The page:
Schools across North Lanarkshire will be serving up ‘Neeps & Tatties’ to pupils between St Andrews Day and Burns Night thanks to a partnership between the local authority and Nil by Mouth
North Lanarkshire Council is the latest Scottish local authority to throw its weight behind the 'Neeps & Tatties’ project, which uses the Scots language to help children better understand difference. Written entirely in Scots, and created by author Carey Morning and illustrator Anna York, the book tells the story of two warring vegetable tribes who are finally encouraged to put the past behind them in the interests of a better future. It examines issues such as discrimination and prejudice, highlighting how old grievance can be overcome by a new generation. The charity has devised a series of classroom games and activities based around the story that encourage children to explore different cultures, including looking at the significance of food and festivals in different traditions.
Funding from the council will make teachers copies of the book available right across the authority from St Andrews Day through until Burns Night as part of Nil by Mouth’s national campaign to promote the resource. Pupils from Holy Familyand Mossend Primary Schools helped Council Deputy Leader Cllr Louise Roarty and Education Convener Cllr Angela Campbell launch the book in the run up to St Andrews Day. The charity is also offering free workshops across the authority targeted at P6/7 pupils exploring discrimination, diversity and difference.
North Lanarkshire becomes the ninth local authority in Scotland to offer this support to the project in the past twelve months joining Aberdeenshire, Angus, Argyll & Bute, Dundee City, Scottish Borders, South Lanarkshire and West Dunbartonshire. The charity had also secured sponsorship from a range of businesses and Trust Funds such as the Thistledown Trust allowing teachers from outside these areas to secure their free copy. ‘Neeps & Tatties’ has proved hugely popular with schools as a fresh way of using Scots to convey important social messages and was a finalist in the 2021 Scots Language Awards and the GenAnalytics Diversity Awards 2022. Since its launch during lockdown in 2021 more than 1,000 schools have signed up for copies across all 32 Local Authority areas.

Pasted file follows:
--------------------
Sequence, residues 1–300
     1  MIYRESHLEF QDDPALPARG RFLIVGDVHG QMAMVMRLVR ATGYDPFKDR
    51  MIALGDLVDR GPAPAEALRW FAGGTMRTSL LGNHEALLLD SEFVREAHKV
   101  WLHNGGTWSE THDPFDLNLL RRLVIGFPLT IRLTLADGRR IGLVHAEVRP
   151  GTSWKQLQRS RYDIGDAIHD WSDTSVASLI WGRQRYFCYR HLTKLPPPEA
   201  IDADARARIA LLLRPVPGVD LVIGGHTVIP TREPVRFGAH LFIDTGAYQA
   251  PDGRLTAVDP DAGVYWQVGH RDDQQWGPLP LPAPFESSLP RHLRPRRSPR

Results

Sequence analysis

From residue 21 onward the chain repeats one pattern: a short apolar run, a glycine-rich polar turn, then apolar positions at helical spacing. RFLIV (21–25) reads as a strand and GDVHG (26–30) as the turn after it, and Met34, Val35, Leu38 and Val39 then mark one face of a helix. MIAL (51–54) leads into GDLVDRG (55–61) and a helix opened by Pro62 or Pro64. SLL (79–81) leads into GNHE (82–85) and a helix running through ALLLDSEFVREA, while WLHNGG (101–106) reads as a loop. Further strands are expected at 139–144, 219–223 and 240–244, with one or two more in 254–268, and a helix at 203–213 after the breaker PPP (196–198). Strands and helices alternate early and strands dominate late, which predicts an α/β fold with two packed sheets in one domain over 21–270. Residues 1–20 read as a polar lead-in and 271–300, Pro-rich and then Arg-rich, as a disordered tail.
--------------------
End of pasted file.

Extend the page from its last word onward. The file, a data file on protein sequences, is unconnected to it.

Nil by Mouth Director Dave Scott said:
‘We have enjoyed a very long and fruitful relationships with dozens of schools across North Lanarkshire over the last 15 years and this investment from the Council will help deepen this involvement. We had more than 60 of its schools request copies of the book last year and we would expect a similar level of demand this year. This support means that we can share copies of this book with teachers and the resources required to help them bring the story to life in the classroom. Neeps and Tatties is a fun story with an important meaning and has proven a highly effective way of helping children learn more about their own culture as well as understanding more about those of others. We have also ran sessions for teachers and dozens of workshops in schools across the authority promoting our message of tolerance and change.’
Cllr Louise Roarty, Deputy Leader of North Lanarkshire Council said:
‘I’m delighted to come along today to meet the pupils from Holy Family and Mossend to launch the book and ensure that our staff have access to a resource that helps young people better understand difference. Neeps & Tatties is a simple story with a powerful message: that young people have the vision and courage to make a positive change. Any North Lanarkshire school wishing to either receive teacher copies of the resource or sign up for free Nil by Mouth workshops can do so by contacting the charity directly at email@example.com.’